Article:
That's Some Upside

Monday, October 13, 2008 at 05:42 PM

Wonderful headline from the Fresno Bee: Entrepreneurs see upside in downturn. And what would that upside be?

Here's how the Bee puts it (emphasis added):
The faltering economy, tanking retail sales and a real-estate market rife with foreclosures didn't keep Ritsuko Miyazaki from launching a ceramic art store.

"I know some people would think now is not a good time. But you never know. Tomorrow may get even worse, and this is something I've wanted to do for a long time," said Miyazaki, owner of Clay Mix in Fresno. "So why not now?"

Experts generally agree. Despite a tough economic climate, starting a business now has advantages for entrepreneurs with solid business plans, adequate financing and marketable products and services.

"These tough times really force people to practice good business behaviors," said Melissa Chang, founder of the Massachusetts-based Pure Incubation, a business consulting firm. "It helps you persevere and understand that difficult times happen."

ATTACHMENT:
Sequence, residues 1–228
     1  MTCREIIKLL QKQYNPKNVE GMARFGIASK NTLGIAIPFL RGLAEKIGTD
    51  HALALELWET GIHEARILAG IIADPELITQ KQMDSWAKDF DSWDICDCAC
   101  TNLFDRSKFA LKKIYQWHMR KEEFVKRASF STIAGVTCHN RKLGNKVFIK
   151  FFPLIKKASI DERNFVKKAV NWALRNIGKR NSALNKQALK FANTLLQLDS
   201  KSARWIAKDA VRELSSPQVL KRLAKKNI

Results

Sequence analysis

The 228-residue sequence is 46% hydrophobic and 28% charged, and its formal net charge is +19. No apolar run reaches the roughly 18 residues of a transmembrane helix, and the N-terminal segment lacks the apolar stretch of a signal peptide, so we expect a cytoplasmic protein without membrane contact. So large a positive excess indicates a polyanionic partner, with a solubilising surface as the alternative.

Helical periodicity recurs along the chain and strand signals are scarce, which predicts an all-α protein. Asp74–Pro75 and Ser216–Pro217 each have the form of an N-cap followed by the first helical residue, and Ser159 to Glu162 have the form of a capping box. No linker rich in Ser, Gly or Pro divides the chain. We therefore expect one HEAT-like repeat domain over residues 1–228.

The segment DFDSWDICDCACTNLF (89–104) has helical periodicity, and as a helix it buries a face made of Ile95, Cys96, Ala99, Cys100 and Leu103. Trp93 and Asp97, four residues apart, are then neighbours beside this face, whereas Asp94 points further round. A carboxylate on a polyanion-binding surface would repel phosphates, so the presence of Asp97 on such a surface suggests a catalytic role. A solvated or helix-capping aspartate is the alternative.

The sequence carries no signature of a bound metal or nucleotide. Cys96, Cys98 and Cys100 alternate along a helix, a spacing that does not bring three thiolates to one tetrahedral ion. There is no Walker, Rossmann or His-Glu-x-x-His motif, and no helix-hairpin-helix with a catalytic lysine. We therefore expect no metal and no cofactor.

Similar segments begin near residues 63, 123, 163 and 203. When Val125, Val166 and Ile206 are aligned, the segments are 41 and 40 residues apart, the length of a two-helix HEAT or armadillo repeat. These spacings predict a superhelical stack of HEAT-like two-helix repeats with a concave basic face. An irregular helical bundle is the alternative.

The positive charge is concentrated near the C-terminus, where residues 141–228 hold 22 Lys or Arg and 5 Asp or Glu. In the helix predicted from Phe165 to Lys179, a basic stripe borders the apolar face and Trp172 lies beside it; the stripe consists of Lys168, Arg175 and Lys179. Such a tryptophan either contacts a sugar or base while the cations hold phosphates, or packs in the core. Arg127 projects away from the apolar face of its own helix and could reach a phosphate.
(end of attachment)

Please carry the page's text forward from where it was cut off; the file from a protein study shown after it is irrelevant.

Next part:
Chang acknowledged that there are still huge obstacles to starting under difficult economic conditions, namely tighter lending from banks, venture capitalists and angel investors.

But credit hasn't dried up completely, she said.

Good business ideas still get looked at. They are just scrutinized more closely.

Got that? If I can follow that winding road--there seem to be any number of things being put forth as the upside--it seems that trying to start a business when the economy as a whole is in the tank is a good thing because it forces you to be more careful. Much the same as being on crutches forces you to be more careful when crossing patches of ice, I'd imagine. Thank God there's a weakness forcing me to be more careful, because if I didn't have the weakness, I wouldn't need to be more careful.

To my surprise, the piece actually does contain a hint of something like an upside: lenders are going to scrutinize you more closely, so presumably, if a lender decides to let you borrow money, it means you're idea is good. Now you could treat that a free review of your idea: no need to make an independent evaluation of my idea, I'll just put it in front of the bankers and they'll let me know if it's good.

Then I remembered. That's right, you can trust the judgment of the very people who caused the downturn, because in the downturn, they're going to be exercising better judgment.

As a character says in the movie version of Norman Mailer's Tough Guys Don't Dance: "Only a country as mad as ours could be such a roaring suc-cess."


Feregi Rule of Acquisition #162: "Even in the worst of times someone turns a profit."

Trust me, this is true. Ask those who made out like bandits during the Great Depression.